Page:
“I am soooo happy that my "good thing" is here. He is really what gets me up the morning because there aren’t that many redeeming qualities about this country or the people in it.”

Donate to SPCA International's Operation Baghdad Pups program today to help us raise enough money to bring Rocky and other wartime buddies home.

**Names have been changed to protect the dog's safety and the safety of the National Guard unit.**

Donate to SPCA International's Operation Baghdad Pups program today to help us raise enough money to bring Rocky and other wartime buddies home.

4/20/2010 UPDATE
SPCA International staff continues to work aggressively on Rocky’s complex rescue. Rocky’s unit is deep in Afghanistan far from the accessible cities of Kabul and Kandahar with extremely limited transportation options. Hiring a local Afghan to transport Rocky across the country would put both the driver and dog in danger because the enemy would assume any Afghan transporting a dog would be doing so for American troops. Dogs are not normally kept as pets in this part of the world.

SPCA International is working with a local animal organization, airlines, and a security team on the ground to find a solution. We are confident we will succeed because failure is not an option. Rocky will continue to live in relative safety and comfort with his unit until a rescue plan is put in motion.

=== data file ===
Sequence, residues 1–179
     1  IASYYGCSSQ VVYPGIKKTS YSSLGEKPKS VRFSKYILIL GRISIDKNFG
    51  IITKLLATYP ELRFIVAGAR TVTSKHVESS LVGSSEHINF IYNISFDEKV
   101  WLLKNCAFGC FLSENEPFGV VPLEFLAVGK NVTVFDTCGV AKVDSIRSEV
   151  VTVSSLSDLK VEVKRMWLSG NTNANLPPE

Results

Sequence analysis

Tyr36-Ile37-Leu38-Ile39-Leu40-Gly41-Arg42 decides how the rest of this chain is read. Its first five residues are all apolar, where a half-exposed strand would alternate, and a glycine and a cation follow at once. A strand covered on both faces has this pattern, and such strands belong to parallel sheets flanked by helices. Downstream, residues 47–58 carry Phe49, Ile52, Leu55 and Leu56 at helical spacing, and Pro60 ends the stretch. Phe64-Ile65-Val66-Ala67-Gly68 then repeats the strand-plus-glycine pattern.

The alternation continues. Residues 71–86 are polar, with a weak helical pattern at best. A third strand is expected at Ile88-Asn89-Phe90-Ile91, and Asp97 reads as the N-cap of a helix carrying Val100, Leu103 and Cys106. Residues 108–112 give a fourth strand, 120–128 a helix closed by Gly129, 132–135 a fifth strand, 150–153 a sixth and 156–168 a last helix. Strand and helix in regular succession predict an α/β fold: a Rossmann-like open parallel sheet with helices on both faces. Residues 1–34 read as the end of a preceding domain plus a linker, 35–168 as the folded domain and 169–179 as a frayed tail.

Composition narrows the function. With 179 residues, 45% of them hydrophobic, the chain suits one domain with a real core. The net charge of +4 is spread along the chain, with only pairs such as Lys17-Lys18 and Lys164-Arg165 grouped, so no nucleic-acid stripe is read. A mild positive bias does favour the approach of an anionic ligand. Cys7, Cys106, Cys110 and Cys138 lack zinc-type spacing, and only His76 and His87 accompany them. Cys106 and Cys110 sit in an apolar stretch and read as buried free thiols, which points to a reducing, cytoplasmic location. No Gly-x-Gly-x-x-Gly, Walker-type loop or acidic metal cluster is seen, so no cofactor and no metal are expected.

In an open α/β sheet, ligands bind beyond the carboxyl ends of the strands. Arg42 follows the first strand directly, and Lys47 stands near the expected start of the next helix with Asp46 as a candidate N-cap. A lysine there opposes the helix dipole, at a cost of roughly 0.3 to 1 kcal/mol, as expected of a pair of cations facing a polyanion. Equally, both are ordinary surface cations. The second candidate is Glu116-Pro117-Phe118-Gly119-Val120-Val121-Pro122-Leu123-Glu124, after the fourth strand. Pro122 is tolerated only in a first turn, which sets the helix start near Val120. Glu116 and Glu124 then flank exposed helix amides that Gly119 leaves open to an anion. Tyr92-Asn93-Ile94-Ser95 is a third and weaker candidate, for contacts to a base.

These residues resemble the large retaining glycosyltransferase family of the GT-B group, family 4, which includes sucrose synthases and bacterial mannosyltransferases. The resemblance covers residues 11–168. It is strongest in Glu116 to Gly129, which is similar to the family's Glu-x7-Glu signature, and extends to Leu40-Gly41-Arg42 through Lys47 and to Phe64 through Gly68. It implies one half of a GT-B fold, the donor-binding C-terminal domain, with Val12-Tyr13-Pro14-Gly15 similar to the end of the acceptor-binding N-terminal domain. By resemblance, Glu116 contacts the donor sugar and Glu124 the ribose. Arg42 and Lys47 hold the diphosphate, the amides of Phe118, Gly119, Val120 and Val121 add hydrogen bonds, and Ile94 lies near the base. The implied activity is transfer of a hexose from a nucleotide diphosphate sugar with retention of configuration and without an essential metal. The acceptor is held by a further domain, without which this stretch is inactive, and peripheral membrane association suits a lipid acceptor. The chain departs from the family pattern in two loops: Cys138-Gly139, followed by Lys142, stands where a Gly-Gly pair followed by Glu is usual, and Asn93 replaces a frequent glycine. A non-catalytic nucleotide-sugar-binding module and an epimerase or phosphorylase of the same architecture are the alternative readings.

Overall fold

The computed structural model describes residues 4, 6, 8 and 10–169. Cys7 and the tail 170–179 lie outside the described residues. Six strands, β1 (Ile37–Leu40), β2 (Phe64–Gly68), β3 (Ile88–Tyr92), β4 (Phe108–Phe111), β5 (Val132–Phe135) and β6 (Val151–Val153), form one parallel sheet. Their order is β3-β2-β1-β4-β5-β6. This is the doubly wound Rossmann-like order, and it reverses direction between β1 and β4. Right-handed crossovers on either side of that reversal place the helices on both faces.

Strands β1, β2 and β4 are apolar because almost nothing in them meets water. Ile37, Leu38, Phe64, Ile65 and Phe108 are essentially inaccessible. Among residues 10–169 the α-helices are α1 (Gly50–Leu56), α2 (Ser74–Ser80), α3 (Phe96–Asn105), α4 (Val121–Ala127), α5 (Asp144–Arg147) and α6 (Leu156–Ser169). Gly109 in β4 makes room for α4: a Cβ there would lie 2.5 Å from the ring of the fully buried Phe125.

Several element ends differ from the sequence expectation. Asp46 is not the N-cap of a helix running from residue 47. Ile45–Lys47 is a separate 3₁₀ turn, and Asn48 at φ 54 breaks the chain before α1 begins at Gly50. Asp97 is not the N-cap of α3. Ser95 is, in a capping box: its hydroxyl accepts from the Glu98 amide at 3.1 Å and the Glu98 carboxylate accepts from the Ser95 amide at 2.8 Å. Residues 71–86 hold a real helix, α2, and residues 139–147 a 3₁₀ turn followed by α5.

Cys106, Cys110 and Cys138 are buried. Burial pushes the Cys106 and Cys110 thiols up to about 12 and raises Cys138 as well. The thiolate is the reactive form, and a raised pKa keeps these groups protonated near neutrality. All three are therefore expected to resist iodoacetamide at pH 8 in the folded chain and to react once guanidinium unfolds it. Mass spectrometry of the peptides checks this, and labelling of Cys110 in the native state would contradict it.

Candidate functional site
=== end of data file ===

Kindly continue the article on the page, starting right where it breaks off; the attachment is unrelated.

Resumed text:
Thursday, June 24, 2010

No Dog Left Behind. (Iraqi Strays pt 2) Big Bad Collars

 The Stories tell themselves the best:

More Clips and Stories:
No Dog Left Behind : Military Channel

Nov 11 2009 7:38pm

TV's 'No Dogs Left Behind' Follows Rescued War Dogs on Journey to U.S.

Goran Tomasevic/Reuters
While he was in Iraq, Staff Sgt. Bryan Spears and his company found a scrappy puppy and named him Moody. But due to military regulations, they were prohibited from caring for the animal, and the soldiers said their goodbyes to their new friend.Fast-forward a few weeks later, and tragedy strikes: Five members of Spears's team are killed in an attack by a suicide bomber. That same day, Moody returns — and it was that turn of events that Spears says saved him from losing all morale. The dog had helped him cope with the loss of his fellow soldiers.  After that, there was no question that Moody would be going home with Spears when it came time for him to end his tour of duty; the only question left was how to do it. Moody's story, along with that of three other dogs traveling to the U.S. (including Nubs, who had a 75-mile odyssey through the desert), was chronicled for No Dogs Left Behind, a documentary airing Nov. 15 on the Military Channel.